In taking a soccer team’s brand name for itself, the collective Real Madrid draws on the mechanisms of mass miscommunication to cover their tracks, fluidize gender identities, and play with preconceptions of team spirit and its transformation into merchandise.
Real Madrid has been using this collective name since 2015, to highlight causes of populations stigmatized, excluded, and oppressed by the dominant and normative sectors of society. The autonomous and proud protagonists of their universe are LGBTQIA+ communities, people with sexually transmitted infections, especially HIV, and young people in search of places to meet and be free in public space. To subvert the degrading or condescending public discourse that targets these people, Real Madrid lets their imagination run wild and breathes life into these stereotypical objects of prejudice: small cartoon figures, urban furniture, decaying fruit, and product packaging populate their installations. Through these everyday objects, elements with an anodyne Pop aesthetic gleaned from the collective imagination, Real Madrid reveals that the root causes of social exclusion and discrimination are skewed perspectives, phobias, and mechanisms of “othering” (i.e., of treating someone as “other,” unfamiliar, and disturbing).
This long-term project of Real Madrid has gained new relevance in the current crisis, given that public health management is now in the spotlight, while stigmatization and social inequality are on the rise yet also increasingly invisible.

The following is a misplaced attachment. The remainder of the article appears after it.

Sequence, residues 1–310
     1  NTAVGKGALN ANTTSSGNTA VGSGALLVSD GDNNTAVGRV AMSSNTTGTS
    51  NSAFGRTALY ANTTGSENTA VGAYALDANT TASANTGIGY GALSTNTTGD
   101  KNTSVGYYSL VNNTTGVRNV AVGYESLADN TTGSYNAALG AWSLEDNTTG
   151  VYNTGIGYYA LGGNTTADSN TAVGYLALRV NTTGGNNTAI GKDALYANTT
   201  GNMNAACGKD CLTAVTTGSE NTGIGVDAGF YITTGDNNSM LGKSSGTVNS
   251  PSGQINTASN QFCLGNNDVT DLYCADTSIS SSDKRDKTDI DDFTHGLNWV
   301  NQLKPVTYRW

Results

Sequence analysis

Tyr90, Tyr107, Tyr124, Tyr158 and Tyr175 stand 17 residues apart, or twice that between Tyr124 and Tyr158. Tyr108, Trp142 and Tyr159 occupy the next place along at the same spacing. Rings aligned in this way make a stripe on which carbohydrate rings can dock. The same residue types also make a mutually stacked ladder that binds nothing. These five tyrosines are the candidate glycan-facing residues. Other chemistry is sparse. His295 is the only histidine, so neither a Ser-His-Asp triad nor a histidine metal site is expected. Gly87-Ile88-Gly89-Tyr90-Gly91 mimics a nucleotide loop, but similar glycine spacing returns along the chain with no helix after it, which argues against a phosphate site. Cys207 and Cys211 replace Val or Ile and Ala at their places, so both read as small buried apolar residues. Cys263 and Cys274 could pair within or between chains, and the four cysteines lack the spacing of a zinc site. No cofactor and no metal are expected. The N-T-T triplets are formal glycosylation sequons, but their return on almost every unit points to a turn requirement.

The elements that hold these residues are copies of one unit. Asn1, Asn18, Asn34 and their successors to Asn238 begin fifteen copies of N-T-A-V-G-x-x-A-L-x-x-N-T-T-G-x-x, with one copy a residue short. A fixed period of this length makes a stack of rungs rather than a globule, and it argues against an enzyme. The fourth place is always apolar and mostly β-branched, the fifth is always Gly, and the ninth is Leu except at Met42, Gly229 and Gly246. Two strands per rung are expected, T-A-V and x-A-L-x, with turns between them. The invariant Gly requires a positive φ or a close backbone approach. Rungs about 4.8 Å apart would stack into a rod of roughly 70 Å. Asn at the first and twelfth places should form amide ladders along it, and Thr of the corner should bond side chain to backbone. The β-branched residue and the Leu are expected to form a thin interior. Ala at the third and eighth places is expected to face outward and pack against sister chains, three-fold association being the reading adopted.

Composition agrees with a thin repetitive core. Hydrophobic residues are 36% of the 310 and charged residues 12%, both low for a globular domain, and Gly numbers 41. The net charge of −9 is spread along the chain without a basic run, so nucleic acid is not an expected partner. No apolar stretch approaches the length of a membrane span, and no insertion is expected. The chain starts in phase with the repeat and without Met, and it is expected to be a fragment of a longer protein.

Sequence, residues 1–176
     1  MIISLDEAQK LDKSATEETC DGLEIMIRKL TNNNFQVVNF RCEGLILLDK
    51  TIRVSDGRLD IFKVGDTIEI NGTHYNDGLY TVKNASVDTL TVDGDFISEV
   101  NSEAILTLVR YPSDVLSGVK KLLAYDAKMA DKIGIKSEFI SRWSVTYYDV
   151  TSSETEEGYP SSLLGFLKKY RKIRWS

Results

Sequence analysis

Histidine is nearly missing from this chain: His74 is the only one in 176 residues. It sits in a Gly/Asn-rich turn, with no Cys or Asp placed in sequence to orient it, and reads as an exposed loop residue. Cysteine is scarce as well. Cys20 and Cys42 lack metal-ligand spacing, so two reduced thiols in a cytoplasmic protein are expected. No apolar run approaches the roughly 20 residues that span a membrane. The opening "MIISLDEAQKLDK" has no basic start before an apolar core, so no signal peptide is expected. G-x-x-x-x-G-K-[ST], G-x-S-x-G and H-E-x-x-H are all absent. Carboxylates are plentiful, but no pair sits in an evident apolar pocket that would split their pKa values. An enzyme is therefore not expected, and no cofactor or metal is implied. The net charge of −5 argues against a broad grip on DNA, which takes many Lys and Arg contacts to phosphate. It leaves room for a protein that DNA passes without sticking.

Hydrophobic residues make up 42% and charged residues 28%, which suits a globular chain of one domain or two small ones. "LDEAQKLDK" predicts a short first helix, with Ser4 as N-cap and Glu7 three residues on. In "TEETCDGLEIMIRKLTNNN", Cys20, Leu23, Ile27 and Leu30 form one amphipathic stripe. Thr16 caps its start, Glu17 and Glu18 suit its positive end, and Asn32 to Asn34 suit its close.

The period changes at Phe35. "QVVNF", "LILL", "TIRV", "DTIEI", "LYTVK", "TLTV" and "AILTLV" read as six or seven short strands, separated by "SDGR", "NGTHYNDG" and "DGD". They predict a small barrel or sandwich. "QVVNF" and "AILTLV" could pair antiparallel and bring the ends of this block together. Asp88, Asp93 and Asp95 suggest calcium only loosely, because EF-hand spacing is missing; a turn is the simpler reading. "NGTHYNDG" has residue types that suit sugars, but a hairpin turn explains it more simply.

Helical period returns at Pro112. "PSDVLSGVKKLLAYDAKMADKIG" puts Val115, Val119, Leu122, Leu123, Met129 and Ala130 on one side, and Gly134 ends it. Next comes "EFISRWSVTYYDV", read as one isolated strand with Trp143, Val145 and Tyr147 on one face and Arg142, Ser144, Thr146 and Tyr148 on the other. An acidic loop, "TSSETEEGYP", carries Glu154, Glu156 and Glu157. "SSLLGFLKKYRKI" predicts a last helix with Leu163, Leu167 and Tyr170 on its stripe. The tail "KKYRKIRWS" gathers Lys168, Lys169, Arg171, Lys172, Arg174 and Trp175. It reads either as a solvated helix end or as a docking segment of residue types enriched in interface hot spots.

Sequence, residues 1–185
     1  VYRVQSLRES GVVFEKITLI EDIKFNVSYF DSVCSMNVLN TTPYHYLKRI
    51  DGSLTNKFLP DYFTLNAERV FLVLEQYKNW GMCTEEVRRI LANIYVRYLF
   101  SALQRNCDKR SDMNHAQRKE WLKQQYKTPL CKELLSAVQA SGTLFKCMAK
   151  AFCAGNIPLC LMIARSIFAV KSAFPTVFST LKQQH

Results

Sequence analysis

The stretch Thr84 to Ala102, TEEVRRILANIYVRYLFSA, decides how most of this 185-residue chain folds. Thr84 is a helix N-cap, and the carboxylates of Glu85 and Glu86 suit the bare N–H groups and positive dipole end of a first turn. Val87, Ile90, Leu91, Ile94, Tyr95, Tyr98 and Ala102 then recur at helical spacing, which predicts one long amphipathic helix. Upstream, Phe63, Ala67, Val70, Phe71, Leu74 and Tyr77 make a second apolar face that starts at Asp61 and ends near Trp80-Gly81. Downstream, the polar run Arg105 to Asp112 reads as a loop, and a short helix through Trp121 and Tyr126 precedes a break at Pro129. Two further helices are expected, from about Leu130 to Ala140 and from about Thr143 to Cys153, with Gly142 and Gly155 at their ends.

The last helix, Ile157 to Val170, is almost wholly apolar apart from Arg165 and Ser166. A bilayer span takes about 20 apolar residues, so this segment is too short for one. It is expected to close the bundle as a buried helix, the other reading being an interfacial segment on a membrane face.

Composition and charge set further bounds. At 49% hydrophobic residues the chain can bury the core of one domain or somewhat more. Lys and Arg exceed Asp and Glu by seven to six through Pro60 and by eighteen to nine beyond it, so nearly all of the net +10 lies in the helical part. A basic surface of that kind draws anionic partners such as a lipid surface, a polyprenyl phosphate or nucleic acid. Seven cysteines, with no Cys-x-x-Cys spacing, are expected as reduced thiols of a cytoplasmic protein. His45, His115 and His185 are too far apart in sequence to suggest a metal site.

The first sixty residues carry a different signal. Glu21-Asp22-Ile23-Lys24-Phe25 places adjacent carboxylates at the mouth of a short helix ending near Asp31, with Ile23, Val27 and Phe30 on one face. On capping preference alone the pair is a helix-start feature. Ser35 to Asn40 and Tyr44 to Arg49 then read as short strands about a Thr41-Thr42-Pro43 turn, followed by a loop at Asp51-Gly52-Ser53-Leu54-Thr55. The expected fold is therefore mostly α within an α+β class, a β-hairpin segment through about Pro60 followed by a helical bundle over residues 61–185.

For Postoristoro, Real Madrid drew inspiration from a place (posto) of refreshment (ristoro), taking as their model those small-town bars, open 24/7, which have the dreary air of a gas station or train station restaurant. The exhibition title is taken from a short story from 1980 by P.V. Tondelli, which, although set in the 1970s, against a backdrop of workers’ struggles, sexual liberation movements, job losses, and the heroin crisis, is still imbued with hopes of a better life and an elsewhere.
In his autobiographically inspired novel, On Earth We’re Briefly Gorgeous (2019)—which could well be a contemporary version of Tondelli’s short story—Ocean Vuong speaks of his opioid addiction and search for his identity, of his dreams as a queer man and as the son of immigrants in a decaying America.
In these different genres and voices, then, we find positions that are concerned not so much with celebrating the aesthetics of lost youth or narcotics as with daring to look, so as to put into words and images those realities in life that are too easily overlooked. As Vuong says in his text, it all depends on which point of view we are talking about: “It’s a beautiful country depending on where you look […]. It’s a beautiful country […], depending on who you are.”